How to Go About Dying

My friend Tom passed away last night, peacefully, with his wife Joyce holding his hand. He had been unconscious to the world for several days. Thankfully, the skilled helpers at hospice were able to make him comfortable and ease the distress that is natural in this final great transition.

Coincidentally, I just read a wonderful essay in The New Yorker by Atul Gawande, a doctor who often writes on medical issues. This essay has to do with how we die, and how we cope with death through the heroic interventions of modern medicine. Since many of the deaths I’ve witnessed in recent years have been hospice deaths, I’ve come to think (naively) that everyone is aware of hospice as an alternative way to leave this life. In Gawande’s perspective, however, even very experienced medical personnel may have only a cursory awareness of hospice, and they are often very uncomfortable “giving up the fight,” even in cases where they know the patient has almost no chance of recovery. Doctors don’t, Gawande says, usually talk frankly to their patients and their patients’ family about what is really going on. They mostly offer one heroic intervention after another, knowing that the chances of success grow diminishingly small. The result is that people end their lives in drugged states, in cramped ICUs, with tubes in every orifice of their bodies. They don’t get much chance to say good-bye. Nobody is at peace.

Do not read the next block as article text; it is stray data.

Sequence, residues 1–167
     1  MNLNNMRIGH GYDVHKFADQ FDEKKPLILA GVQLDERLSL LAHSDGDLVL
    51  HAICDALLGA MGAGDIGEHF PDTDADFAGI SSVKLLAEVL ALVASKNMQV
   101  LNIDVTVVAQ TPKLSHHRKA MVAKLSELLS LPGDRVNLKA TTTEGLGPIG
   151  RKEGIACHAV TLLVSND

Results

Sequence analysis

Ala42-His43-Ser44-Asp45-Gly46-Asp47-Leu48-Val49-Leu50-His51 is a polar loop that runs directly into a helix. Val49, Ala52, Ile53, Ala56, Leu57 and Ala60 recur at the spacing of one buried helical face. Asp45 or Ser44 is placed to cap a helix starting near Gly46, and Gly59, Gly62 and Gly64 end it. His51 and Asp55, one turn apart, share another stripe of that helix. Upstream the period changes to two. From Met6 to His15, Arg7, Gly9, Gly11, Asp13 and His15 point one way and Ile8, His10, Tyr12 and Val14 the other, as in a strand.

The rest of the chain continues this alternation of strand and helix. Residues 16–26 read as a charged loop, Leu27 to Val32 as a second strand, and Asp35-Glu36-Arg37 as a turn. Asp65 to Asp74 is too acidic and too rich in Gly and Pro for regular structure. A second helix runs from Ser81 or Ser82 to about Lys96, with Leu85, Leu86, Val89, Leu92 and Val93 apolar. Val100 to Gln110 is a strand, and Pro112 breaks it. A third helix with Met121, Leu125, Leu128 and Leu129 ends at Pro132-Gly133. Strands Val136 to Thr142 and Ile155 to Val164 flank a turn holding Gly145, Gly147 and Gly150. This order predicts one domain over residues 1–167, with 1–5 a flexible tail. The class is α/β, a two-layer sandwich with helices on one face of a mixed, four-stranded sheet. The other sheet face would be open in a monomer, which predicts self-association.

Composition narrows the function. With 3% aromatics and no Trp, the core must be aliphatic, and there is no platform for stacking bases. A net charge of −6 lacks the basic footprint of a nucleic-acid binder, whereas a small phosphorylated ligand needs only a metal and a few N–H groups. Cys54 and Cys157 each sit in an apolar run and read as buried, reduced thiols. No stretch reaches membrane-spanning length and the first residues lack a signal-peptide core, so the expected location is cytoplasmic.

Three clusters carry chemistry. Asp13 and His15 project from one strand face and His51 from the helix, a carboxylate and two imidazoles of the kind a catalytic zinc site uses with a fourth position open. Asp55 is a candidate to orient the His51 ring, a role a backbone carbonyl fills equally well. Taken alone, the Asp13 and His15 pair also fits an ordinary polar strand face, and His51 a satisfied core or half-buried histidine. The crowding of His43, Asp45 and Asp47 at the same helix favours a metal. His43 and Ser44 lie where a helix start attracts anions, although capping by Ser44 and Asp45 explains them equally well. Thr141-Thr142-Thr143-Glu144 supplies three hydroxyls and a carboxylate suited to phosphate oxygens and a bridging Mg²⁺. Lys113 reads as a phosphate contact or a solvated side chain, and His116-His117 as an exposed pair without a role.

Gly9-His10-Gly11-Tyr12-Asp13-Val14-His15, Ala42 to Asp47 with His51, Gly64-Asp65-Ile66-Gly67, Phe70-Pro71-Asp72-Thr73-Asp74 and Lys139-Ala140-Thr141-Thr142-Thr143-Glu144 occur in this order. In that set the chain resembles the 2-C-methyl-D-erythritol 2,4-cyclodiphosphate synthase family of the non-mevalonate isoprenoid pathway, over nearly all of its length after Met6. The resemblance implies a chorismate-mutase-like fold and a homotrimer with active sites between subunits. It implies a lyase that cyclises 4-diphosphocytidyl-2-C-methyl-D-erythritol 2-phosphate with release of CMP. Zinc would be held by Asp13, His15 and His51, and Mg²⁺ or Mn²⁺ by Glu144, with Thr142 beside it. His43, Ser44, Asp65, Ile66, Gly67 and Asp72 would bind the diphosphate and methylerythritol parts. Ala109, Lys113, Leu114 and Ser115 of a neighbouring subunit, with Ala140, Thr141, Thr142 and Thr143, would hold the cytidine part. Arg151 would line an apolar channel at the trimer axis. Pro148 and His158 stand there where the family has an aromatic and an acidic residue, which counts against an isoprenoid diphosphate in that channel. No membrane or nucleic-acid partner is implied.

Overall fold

It’s a complex subject, and there are many reasons why people persist to the end taking heroic measures. I think, however, that often people do so because they are not able to face death. Gawande suggests that the medical establishment is complicit in this denial, perhaps because the doctors themselves are not able to face death.

Most people, when asked how they hope to die, say they want to go  without warning in their sleep. In medieval times, however, that was regarded as the worst way to die–unprepared spiritually, without time to repent and reconcile and make charitable contributions, without time to say good-bye. That is the course I want to follow. Every one of us is going to die someday, and we cannot control the hour of our death. We often can, however, have a choice of whether we die peacefully, in our own homes, with our family and friends more prominently present than monitors and tubes.